By Michael Roberts
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Jay Balano thought it was strange when a woman from the Colorado Department of Transportation walked into his Print Stop store last winter, asking for him by name. He thought it was even stranger when the woman offered to arrange a printing contract with the state worth close to $20,000, with the promise of more to come--a job so big that it would have overwhelmed his small printing operation.
Balano had never done business with CDOT before. But just days earlier, in his role as a Glendale city councilman, he'd been sharply critical of the department at a public meeting held to discuss state efforts to clean up chemical contamination of air and groundwater in Balano's neighborhood--contamination emanating from a CDOT testing lab a few blocks away. The meeting had been an acrimonious one, and Balano had left convinced that he wasn't getting the full story from CDOT or its sister agency, the Colorado Department of Public Health and Environment, which is overseeing the cleanup.
"Getting a straight answer out of those people is almost impossible," Balano says. "Frankly, I distrust two agencies that have every reason in the world to be in collusion with each other."
Balano couldn't figure out if the CDOT printing offer was an inept gesture of goodwill or a bid for his silence. In any case, he didn't think it was coincidental, and he turned down the job. But the peculiar timing of the visit only sharpened his suspicions about the chemical leak, a complicated affair that has fueled political controversies in tiny Glendale and raised troubling questions about the scope and seriousness of the contamination, the parties responsible and the state's ability to clean up its own mess.
"This is a real challenging project," says George Gerstle, a CDOT environmental-services manager. "Most of the hazardous-waste problems in the country aren't in a residential area. We really want to keep the community informed about what we're doing, and we've tried to be as up front as we can."
Yet after six years and $20 million in cleanup efforts, many key aspects of the project are as clear as mud. CDOT officials claim that the cleanup goals required by the health department are absurdly expensive and technically impossible to achieve, but critics say CDPHE hasn't been tough enough on their fellow state employees. CDOT has stressed the minuscule health risk from the leak and characterized community concern as minimal, too. But several area residents and landowners are now suing the state, claiming damages to their health as well as their property.
State health officials insist that the CDOT cleanup is being handled no differently from that of any private polluter. But internal agency documents obtained by Westword indicate considerable behind-the-scenes maneuvering and confusion. Hoping to persuade the state to ease the corrective actions the department must perform, CDOT has attempted to shift the blame for most of the contamination to an as-yet-unidentified source--a source the health department has been in no hurry to track down.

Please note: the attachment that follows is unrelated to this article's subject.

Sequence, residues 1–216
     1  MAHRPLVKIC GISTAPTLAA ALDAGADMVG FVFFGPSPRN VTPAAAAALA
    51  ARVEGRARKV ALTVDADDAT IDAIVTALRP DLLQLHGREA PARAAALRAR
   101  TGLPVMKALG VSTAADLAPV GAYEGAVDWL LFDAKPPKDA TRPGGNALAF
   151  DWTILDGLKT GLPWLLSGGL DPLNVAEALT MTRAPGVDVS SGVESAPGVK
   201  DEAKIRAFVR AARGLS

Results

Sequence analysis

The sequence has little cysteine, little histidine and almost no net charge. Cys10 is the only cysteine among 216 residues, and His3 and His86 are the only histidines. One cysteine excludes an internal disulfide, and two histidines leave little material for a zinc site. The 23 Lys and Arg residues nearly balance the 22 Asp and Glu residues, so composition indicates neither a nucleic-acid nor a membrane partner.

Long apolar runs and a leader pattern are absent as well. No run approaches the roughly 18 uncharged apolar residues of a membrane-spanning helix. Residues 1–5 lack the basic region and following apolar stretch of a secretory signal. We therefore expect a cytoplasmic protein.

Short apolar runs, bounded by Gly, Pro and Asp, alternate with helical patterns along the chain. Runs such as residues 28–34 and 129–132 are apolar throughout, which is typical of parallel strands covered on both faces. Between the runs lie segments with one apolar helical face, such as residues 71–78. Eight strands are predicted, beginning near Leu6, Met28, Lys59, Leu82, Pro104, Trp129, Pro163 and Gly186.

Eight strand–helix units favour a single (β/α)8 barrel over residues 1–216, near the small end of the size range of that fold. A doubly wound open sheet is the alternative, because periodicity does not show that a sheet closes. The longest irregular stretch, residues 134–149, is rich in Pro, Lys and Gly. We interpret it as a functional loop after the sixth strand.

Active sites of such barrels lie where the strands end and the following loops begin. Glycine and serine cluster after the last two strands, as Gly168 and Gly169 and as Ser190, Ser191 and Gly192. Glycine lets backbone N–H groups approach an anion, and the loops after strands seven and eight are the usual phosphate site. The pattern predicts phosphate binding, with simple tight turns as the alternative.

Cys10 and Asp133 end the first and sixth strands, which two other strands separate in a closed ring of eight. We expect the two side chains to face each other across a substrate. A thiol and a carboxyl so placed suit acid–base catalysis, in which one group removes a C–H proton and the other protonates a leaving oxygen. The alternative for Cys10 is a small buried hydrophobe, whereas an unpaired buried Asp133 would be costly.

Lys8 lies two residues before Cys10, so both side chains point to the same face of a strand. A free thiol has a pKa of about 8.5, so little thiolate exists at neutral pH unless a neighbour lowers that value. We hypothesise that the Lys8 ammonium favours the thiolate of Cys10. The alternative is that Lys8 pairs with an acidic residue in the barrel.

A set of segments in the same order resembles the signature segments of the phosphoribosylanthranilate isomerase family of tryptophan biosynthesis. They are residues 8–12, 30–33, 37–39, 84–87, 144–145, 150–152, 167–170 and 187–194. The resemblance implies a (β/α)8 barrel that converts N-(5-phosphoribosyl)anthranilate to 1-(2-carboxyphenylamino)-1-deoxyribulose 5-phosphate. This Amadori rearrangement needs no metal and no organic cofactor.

Privately, health officials have expressed concerns about the reliability of contamination reports provided by CDOT, which were used in devising the cleanup proposal; one confidential memorandum warns that the inaccurate data could result in "an expensive folly with potential fallout for all." The politicking has become so intense that some employees within the health department believe the cleanup supervision should be turned over to the federal Environmental Protection Agency, a move both agencies have strenuously resisted.
"If the EPA gets called in, CDOT gets dragged in deeper," says one environmental attorney familiar with the case, "and the health department doesn't look too good, either. But you have to wonder what would have happened if this was a different kind of neighborhood. Can you imagine if this had happened in Cherry Hills? There would be blood."
Bad Water, Bad Air
CDOT's Materials Testing Laboratory on East Louisiana Avenue, the site where the leak occurred, was built back in the 1950s, long before neighboring Glendale blossomed as an enclave of strip clubs, apartment complexes and singles on short leases. In the early 1970s, the department installed two underground tanks to store up to 800 gallons of waste solvents used for cleaning equipment and testing road materials. When maintenance workers removed the tanks in 1987, they discovered holes in the tanks where the solvents had leaked into the soil. But the health department wasn't notified of the leak until after a consulting firm took soil samples nearly six years later.
"The left hand apparently was not informed of what the right hand was doing," says CDPHE spokeswoman Marion Galant. "They put the dirt back in the hole, and that was that."
"We didn't follow up, which was wrong," says CDOT's Gerstle. "But it was a screwup of ignorance, not malice."
Health officials first learned of the contamination in early 1993. Over the next two years, extensive testing determined that the toxic brew oozing from the tanks--including dichloroethene, or 1,1-DCE, a suspected carcinogen associated with liver and kidney disease in lab animals--had reached groundwater and traveled off-site. The underground plume of measurable contamination stretched north into Glendale, almost to the banks of Cherry Creek, finally dropping to acceptable levels in the vicinity of an office building complex that happens to contain the headquarters for the state health department.